May 19, 2013 in City

75th annual Lilac Parade a fragrant, glittering success

By The Spokesman-Review
 
Picture story: Lilac Festival Armed Forces Torchlight Parade 2013
Jesse Tinsley photoBuy this photo

The Freeman High School Scotties’ marching band heads up Washington Street on Saturday.
(Full-size photo)(All photos)

On the web
Learn more about past royalty at the Spokesman’s Lilac Queen database.

The sun sets on the Lilac Festival Armed Forces Torchlight Parade, but the community lights up the streets of Spokane – a local tradition for 75 years.

A police motorcade revved up at the head of the procession, and the cool air smelled of lilacs as the Lilac Royal Court took their places. The namesake flowers are in bloom along Washington Street and Spokane Falls Boulevard.

Folding chairs have been lined up along the route since Friday – locked up at coveted viewing locations to watch the parade of decorated horses, uniformed men and women, and local schools marching with pride.

The festival started in 1938 with one float; Saturday’s parade had 30 floats.

Lilac Festival Vice President Dan Ver Heul said the royalty are typically first in the parade, but this year their display had diamonds – twinkling lights – that needed the full effect of twilight.

“We felt it would be a great experience to have our girls all lit up,” Ver Heul said.

The creators of the Lilac Festival, the Associated Garden Clubs, were the first car up.

Jennifer Ogden, president of the club, said the creators wanted a festival and flower that represented Spokane. They chose lilacs – flowering bushes growing in Manito Park and Coeur d’Alene Park.

To celebrate the first parade, ladies from the garden club boarded a white flatbed truck, Ogden said. It was 38 degrees that night, quite a contrast with Saturday’s weather, as rain-bearing clouds moved away from Spokane toward the evening.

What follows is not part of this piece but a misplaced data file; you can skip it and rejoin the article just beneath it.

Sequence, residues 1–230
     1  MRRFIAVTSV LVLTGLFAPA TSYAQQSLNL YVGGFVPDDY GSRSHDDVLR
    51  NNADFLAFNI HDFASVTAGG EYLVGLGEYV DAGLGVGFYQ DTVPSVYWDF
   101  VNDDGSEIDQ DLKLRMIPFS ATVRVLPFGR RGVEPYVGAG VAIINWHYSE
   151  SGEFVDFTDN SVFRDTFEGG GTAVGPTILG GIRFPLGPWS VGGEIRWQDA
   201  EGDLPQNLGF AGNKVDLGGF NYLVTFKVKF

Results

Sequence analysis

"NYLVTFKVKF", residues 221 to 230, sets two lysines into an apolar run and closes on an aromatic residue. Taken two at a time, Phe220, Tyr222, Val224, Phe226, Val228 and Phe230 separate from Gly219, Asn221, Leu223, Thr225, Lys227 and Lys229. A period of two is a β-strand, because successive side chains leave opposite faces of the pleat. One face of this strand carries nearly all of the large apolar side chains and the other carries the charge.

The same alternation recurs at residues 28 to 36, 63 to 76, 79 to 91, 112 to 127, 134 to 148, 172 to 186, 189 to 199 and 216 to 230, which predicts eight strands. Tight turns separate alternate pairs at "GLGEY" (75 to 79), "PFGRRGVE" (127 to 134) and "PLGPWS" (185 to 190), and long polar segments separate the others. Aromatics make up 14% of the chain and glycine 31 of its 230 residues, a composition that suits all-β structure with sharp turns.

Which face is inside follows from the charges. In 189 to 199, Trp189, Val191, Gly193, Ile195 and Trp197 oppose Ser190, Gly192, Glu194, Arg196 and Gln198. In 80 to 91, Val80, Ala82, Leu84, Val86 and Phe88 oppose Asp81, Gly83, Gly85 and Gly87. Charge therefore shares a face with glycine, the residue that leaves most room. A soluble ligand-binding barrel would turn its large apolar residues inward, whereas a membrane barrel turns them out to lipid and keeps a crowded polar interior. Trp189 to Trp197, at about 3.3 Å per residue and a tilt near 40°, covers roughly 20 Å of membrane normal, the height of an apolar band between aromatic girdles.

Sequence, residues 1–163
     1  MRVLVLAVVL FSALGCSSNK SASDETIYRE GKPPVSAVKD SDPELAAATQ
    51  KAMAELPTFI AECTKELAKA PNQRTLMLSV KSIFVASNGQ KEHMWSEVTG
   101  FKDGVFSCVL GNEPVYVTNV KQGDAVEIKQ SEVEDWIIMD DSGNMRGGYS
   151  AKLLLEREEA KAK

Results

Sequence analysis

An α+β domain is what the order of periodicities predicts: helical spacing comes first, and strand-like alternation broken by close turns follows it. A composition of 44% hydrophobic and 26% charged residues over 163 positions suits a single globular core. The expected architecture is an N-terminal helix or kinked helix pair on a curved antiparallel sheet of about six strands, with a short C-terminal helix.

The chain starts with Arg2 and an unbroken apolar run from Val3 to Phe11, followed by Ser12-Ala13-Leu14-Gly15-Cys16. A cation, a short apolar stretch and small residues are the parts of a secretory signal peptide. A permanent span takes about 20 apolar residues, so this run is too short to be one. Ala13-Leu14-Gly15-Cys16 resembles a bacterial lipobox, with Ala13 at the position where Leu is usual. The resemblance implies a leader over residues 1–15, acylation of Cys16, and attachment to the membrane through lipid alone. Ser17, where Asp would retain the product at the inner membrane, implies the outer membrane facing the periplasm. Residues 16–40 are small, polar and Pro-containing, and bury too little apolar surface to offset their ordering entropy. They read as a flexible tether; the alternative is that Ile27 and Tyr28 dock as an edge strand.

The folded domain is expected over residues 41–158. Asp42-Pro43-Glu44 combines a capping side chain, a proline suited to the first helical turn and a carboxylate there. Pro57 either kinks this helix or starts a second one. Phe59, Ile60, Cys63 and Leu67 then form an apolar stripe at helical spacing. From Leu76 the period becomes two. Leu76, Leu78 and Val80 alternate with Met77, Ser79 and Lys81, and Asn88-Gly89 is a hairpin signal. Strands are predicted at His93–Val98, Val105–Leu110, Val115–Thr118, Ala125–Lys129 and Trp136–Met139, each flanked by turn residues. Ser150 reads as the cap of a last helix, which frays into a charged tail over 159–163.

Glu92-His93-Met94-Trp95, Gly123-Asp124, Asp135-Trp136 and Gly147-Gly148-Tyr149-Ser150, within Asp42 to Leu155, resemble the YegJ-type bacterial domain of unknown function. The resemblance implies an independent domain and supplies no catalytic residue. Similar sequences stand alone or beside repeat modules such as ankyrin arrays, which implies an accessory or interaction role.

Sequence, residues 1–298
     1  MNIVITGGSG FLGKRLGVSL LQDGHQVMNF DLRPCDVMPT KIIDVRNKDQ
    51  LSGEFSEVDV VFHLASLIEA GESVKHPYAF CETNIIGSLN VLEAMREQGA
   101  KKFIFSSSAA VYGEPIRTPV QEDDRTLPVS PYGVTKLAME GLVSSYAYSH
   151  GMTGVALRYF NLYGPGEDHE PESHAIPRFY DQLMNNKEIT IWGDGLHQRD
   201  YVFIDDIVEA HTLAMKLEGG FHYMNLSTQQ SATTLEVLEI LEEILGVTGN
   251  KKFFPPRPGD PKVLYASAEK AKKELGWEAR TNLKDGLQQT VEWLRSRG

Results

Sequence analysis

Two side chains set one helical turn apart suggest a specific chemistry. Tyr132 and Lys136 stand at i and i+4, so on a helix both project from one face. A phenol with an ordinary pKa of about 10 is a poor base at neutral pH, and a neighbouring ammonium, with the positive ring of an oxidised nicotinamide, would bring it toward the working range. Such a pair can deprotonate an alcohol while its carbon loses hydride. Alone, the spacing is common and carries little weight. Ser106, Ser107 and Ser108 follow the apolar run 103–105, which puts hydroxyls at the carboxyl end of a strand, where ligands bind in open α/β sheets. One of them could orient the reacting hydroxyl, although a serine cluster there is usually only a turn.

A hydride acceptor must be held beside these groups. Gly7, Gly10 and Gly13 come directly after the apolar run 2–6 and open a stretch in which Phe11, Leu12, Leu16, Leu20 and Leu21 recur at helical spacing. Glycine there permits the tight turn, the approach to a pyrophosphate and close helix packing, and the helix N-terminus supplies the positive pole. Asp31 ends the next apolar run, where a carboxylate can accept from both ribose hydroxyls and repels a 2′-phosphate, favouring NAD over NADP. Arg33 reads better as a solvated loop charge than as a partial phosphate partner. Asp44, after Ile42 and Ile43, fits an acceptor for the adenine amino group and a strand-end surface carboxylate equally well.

Success followed the original parade, but when World War II arrived, the parades stopped.

“They made sure every soldier who left home had a bouquet of lilacs to remind them of home,” Ogden added.

Veterans are the focus of the parade. Their numbers from World War II and Korea dwindle every year, but they return – waving to the adoring crowds.

“It makes you feel proud of what you did and where you’ve been,” said Burl “Windy” Winder, a veteran of the Korean and Vietnam wars.

Fairchild Air Force Base also honored their recently fallen comrades: Capt. Tyler Voss, Capt. Victoria Pinckney and Tech Sgt. Tre Mackney, who perished in a KC-135 plane crash May 3 in Kyrgyzstan. The crowd hushed for a somber moment as airmen from Fairchild Air Force Base passed by carrying large photographs of Voss, Pinckney and Mackney.

Due to sequestration, however, Fairchild could not lend military equipment for the parade, Ver Heul said.


There are six comments on this story. Click here to view comments >>

Get stories like this in a free daily email